British contemporary furniture designer Max Lamb brings the essence of the outdoors to American turf with his solo exhibit at the Johnson Trading Gallery in New York City. Sturdy and stalwart, Lamb's work has a primal, natural and organic feel.
Several of his newly commissioned pieces are made with Delaware bluestone, the blue sediment stone used in New York sidewalks which are sourced from the Catskill Delta. He traveled north to collect the stone and by using a combination of hand carving techniques and machine cutting he was able to create this latest collection of chairs, tables, benches and stools. He also incorporates limestone, pewter, bronze, copper and wool felt into the work. The table set appears as a rock garden extracted and sculpted, and benches are chiseled into symmetrical form that emit a sense of permanence and rawness.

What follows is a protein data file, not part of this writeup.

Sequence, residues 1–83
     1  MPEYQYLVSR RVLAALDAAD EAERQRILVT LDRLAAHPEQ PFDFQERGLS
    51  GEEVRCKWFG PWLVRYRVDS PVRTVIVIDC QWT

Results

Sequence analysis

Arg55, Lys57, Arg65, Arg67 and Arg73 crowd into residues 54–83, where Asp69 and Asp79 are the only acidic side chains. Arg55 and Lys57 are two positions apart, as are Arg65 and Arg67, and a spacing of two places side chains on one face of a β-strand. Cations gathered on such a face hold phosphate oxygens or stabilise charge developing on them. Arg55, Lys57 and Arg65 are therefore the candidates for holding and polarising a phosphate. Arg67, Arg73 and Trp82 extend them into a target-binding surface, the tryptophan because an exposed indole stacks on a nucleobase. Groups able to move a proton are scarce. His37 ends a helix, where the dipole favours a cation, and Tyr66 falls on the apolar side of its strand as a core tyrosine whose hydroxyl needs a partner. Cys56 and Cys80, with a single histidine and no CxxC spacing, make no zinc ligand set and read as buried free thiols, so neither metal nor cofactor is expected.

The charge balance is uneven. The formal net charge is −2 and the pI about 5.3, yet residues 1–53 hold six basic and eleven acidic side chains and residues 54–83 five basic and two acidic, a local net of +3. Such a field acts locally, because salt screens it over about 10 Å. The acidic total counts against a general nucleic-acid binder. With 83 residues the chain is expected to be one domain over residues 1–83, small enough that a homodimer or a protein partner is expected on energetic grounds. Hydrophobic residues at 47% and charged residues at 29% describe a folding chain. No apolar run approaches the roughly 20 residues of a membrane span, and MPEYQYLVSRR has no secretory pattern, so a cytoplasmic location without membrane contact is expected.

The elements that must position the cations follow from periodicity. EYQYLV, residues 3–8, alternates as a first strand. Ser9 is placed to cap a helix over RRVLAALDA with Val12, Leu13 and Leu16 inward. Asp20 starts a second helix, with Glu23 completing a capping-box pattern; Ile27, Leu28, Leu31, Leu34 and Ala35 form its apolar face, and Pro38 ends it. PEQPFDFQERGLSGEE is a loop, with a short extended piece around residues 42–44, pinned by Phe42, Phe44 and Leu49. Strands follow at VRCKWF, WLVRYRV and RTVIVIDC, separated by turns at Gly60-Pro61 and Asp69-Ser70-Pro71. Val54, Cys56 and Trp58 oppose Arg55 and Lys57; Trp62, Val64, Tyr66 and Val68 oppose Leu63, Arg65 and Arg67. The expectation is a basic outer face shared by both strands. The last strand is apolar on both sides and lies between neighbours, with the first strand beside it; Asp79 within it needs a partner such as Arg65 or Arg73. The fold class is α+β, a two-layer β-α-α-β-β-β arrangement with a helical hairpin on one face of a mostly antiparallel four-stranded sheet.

Lamb's ascent in the industrial design world has been rapid. He received the 2003 Peter Walker Award for Innovation in Furniture Design and a 2004 Hettich International Design Award. He worked with Tom Dixon and Ou Baholyodhin Studio before launching his own design studio in 2007. Lambâs past work with limestone and sandstone won praise at Design Miami/Basel where he was awarded the 2008 Designer of the Future Award. Pieces from this accompanying exhibit, "Solids of Revolution," will be shown at the New York gallery space along with a retrospective of his work including large, hand carved Polystyrene Dining Table and eight Poly Chairs, White Bronze Poly Chairs and a Nano-crystalline Copper Stool. Also, an accompanying film series explores his design philosophy and distinct process.
Additional images after the jump.